I decided to tell this blog as a series of pictures.
I will start with a screen shot that I took of the weather report, at about 5:30 this evening. (Note that "Hartford" refers to the town of Hartford Vermont, where I live.) It was 7 degrees F at that time, with a drop to minus 16 expected tonight. The next few days are expected to have single digit high temperatures and minus temperatures of two digits (minus 10, etc)
|Weather at 5:30 pm and forecast|
So, how is the grid doing? Fairly well, actually. At 5:30, I took this picture, showing that the LMP (local marginal prices) were running at about 20 cents a kWh. ($200 a MWh translates to 20 cents per kWh.) The graphics below are screen shots from ISO-NE. I took my snaps at 5:30 at this ISO page, which is updated every 5 minutes. https://www.iso-ne.com/isoexpress/
|Grid prices and electricity use at 5:30 p.m. and throughout the day|
As you can see by the retrospective graphs to the left of the map, prices have been up and down between $100 and $250 (10 cents and 25 cents per kWh) most of the day.
Oil on the Grid
During cold snaps, gas pipelines must supply homes first, and gas-fired power plants get short-changed. ISO-NE has a Winter Reliability Program which mainly compensates gas-fired power plants for keeping fuel on site: oil or LNG or CNG. (Liquefied or compressed natural gas.) The grid was running about 22% oil at 5:30 this evening.
The current Winter Reliability program is described in an update presentation, given December 7, 2017 by Anne George of ISO-NE. On page 5, Ms. George describes the current winter reliability program, which pays oil and gas fired generators to have fuel on site. (Page numbers are at the lower right of each viewgraph.) On page 18, she describes how the forward capacity auctions are attracting new generation, even as older plants retire. Specifically, ISO-NE is attracting new dual-fired natural gas resources: gas turbines that can also burn oil, and therefore can store oil on-site for cold weather.
ISO-NE's attempt to provide winter electricity by encouraging oil use in cold weather is working. The next picture shows (among other things) the fuel mix at 5:30 on the New England Grid.
|Fuel use at 5:30 p.m. and throughout the day|
You can see that 25% of the electricity was supplied by nuclear, 24% by natural gas, 22% by oil, and 11% by renewables. Usually, the grid runs closer to 50% natural gas and just a few percent oil. If you go to viewgraph 19 of the ISO-NE presentation, you can see that natural gas is expected to be 55% of normal generation, and oil is the merest sliver on the graph.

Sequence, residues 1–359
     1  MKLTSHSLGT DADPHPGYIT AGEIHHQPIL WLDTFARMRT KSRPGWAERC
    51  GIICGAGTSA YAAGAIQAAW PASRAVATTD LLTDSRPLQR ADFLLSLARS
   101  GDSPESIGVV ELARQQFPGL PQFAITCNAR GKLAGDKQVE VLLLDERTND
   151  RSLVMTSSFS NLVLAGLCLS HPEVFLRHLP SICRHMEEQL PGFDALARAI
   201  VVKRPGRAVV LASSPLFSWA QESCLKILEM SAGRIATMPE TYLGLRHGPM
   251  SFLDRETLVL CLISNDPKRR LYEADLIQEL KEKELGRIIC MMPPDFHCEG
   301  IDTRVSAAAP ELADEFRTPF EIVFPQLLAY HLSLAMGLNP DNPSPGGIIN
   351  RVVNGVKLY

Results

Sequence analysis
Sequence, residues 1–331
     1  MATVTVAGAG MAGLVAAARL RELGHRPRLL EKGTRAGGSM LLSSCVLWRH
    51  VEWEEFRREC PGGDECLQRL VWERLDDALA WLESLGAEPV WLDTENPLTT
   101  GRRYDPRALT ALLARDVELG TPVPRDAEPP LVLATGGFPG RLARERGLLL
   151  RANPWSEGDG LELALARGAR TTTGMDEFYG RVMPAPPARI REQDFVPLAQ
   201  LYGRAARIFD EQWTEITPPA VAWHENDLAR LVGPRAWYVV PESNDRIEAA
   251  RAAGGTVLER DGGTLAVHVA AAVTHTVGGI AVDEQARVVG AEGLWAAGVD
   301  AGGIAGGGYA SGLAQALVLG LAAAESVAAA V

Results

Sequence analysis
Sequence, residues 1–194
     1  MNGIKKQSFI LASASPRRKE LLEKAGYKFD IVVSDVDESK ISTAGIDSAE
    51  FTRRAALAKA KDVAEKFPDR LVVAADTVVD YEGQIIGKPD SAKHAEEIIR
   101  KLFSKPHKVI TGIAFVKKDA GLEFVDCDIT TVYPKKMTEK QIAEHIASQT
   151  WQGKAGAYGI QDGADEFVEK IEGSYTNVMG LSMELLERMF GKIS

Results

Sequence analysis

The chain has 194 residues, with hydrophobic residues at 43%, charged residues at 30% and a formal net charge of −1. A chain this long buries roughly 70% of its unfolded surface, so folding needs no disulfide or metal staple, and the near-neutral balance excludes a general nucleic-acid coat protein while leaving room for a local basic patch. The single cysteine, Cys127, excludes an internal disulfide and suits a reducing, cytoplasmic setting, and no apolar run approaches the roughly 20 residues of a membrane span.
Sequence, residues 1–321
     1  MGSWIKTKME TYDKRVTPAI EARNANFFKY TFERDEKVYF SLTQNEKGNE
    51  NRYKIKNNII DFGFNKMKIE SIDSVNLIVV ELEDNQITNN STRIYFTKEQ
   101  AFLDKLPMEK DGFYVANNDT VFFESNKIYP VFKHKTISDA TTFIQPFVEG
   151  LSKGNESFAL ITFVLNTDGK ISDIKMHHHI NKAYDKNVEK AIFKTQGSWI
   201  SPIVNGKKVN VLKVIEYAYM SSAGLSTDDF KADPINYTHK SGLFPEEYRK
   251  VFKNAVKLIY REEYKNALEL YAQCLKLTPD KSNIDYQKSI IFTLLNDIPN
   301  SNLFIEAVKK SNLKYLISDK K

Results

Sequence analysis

In the chart above, renewables are making 11% of the power on the grid. This is on the high side. (Viewgraph 19 of the ISO presentation shows renewables making 5%, for example.) The high contribution of renewables is due to the wind.
In my experience of New England, really cold weather is often deathly still. Not this time. The wind is blowing, the windchill factor is serious, and the wind turbines are making considerable amounts of energy. Wind turbines are making 50% of the renewable power on the grid, as you can see in the chart below. Basically, the other 50% of the renewable power is being made by burning wood and refuse. That power is pretty steady: the wind contribution goes up and down.
Since wind is making half the renewable power on the grid, and renewables are making 11% of the power on the grid, therefore, the wind turbines are making 5.5% of the power on the grid.
The chart below shows the percentage of renewables on the grid at 5:30 p.m.
|Renewables on the grid at 5:30 p.m. 50% of the renewable power is from wind|
The End of the Grid Tour
I am pleased that it is both cold and windy. (Actually, I am not that pleased about it. I have to live here, after all.) I also know ISO must be fuel-neutral, so dual-fuel gas-fired generators are considered good. However, I can't help but think that using more oil in the winter is a step back for New England, not a step forward.
If you want, you can go to the ISO site, and watch the grid. Or if you don't live in New England, look up your own grid, and do a compare-and-contrast. I would love it if you would comment on this article.
(An article from about four years ago in similar weather: The Cold Truth on the New England Grid.)